NameOrder
SarahIced vanilla latte
MarkBlack coffee
NinaChai tea

16. Guest Room Schedule

Note down upcoming visits from family and friends if you have a dedicated guest room.

It could look like:

GuestArrivalDeparture
Mom & DadMarch 12March 15
Cousin SallyApril 2April 6

And so on.

17. Chore Chart

Make a family chore chart showing each person’s cleaning tasks for the week. Have kids check off items as they complete them.

For example:

NameChores
MariaDust, vacuum, laundry
LuisTake out trash, clean bathrooms
SophiaSweep, mop, dishes

18. Daily Learning

Challenge yourself to learn one new thing a day and write on a whiteboard.

Your list may evolve like:

  • Day 1 – Learned how barometers work
  • Day 2 – Learned what the Higgs boson is
  • Day 3 – Learned a new Spanish phrase
  • Day 4 – Learned how to fix a leaky faucet
  • Day 5 – Learned a new origami figure

And so on.

19. Bucket List

Keep an ongoing bucket list on your whiteboard. Add destination ideas, books to read, skills to learn, events to attend, and more.

Bucket List written on a whiteboard

For instance:

Bucket List

  • See the Northern Lights
  • Visit the Galapagos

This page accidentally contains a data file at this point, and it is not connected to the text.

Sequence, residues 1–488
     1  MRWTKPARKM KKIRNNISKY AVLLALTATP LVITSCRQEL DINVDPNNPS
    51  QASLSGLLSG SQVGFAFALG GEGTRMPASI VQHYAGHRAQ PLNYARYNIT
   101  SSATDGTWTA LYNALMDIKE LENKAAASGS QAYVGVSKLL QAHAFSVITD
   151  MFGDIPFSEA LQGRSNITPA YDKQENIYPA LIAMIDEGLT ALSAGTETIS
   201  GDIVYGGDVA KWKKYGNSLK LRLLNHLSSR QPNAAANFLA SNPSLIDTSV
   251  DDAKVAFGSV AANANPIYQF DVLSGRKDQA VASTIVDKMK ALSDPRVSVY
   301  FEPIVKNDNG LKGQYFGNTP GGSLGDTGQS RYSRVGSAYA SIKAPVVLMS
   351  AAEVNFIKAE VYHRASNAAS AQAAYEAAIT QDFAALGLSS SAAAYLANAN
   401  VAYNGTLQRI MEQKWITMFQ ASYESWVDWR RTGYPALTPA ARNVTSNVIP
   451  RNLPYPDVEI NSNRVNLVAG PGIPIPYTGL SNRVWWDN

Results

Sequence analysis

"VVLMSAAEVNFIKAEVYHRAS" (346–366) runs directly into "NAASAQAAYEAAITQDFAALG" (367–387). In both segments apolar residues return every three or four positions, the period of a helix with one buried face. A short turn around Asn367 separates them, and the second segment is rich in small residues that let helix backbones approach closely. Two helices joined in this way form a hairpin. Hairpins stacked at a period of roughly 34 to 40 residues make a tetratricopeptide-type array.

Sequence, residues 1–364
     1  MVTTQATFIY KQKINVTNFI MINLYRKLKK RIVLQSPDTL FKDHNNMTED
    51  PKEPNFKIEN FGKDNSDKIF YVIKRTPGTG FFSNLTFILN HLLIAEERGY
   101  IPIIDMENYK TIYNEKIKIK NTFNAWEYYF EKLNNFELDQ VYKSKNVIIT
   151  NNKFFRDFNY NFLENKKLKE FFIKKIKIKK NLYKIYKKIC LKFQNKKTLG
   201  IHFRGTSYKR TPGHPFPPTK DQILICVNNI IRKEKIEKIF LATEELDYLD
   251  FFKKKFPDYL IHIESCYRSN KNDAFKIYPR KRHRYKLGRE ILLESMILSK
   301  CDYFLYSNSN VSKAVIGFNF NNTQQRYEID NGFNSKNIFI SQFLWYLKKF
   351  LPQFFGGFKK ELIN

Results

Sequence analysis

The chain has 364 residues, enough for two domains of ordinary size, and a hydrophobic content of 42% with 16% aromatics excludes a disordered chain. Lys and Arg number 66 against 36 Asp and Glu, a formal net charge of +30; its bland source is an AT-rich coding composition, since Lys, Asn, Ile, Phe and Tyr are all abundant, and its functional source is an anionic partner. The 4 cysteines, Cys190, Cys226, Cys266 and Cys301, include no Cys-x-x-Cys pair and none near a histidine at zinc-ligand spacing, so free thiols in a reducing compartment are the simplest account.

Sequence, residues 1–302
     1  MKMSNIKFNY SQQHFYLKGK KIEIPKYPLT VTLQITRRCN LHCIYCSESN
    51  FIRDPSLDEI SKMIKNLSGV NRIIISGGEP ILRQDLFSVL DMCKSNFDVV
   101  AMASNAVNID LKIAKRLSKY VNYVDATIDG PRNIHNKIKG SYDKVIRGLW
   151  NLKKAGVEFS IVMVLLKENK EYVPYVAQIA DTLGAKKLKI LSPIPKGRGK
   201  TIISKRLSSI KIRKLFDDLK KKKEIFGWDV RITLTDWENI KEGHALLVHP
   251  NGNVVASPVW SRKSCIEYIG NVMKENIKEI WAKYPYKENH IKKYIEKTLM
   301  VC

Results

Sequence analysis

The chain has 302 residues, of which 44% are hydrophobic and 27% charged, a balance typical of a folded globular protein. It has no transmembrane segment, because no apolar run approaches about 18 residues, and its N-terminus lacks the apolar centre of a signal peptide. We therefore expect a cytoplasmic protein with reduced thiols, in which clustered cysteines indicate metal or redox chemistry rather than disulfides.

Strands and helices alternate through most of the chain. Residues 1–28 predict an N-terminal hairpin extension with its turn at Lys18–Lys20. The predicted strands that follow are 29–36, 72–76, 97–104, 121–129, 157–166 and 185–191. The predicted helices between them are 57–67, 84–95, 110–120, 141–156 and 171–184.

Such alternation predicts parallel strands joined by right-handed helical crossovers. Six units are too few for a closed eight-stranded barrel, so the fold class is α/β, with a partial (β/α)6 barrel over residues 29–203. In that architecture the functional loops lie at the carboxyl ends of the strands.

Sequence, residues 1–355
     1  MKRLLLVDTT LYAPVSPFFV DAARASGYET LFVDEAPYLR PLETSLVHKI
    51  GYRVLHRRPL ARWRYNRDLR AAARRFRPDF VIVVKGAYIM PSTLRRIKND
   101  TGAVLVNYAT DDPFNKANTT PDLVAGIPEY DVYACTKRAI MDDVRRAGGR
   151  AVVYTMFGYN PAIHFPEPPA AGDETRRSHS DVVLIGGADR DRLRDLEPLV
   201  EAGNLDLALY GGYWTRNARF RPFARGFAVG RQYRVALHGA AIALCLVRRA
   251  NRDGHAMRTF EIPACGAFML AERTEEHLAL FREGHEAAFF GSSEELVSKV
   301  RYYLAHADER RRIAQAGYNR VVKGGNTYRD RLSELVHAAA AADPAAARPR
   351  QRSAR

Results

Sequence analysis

• Learn to play guitar
  • Read War and Peace
  • Run a 5K

20. Lyrics & Quotes

Write down meaningful song lyrics, famous quotes, or passages from books. Change them regularly to keep things fresh.

Some examples:

“All you need is love.” – The Beatles

“Dance like no one is watching.” – Anonymous

“You become what you think about all day long.” – Ralph Waldo Emerson

21. Jokes of the Day

Start each morning with smiles by posting silly jokes and riddles. Let everyone contribute their favorites.

For example:

Q: What starts with “e” and ends with “e” but only has one letter in it?
A: An envelope!

Q: What do you call cheese that isn’t yours?
A: Nacho cheese!

Q: How do you organize an astronaut party?
A: You planet!

22. Conversation Starters

Come up with unique conversation starters to liven up family dinners. Pull one each evening to break the ice.

Such as:

  • If you could be any fictional character, who would you be?
  • What’s your favorite childhood memory?
  • If you had to rename yourself, what name would you pick?

23. Daily Doodle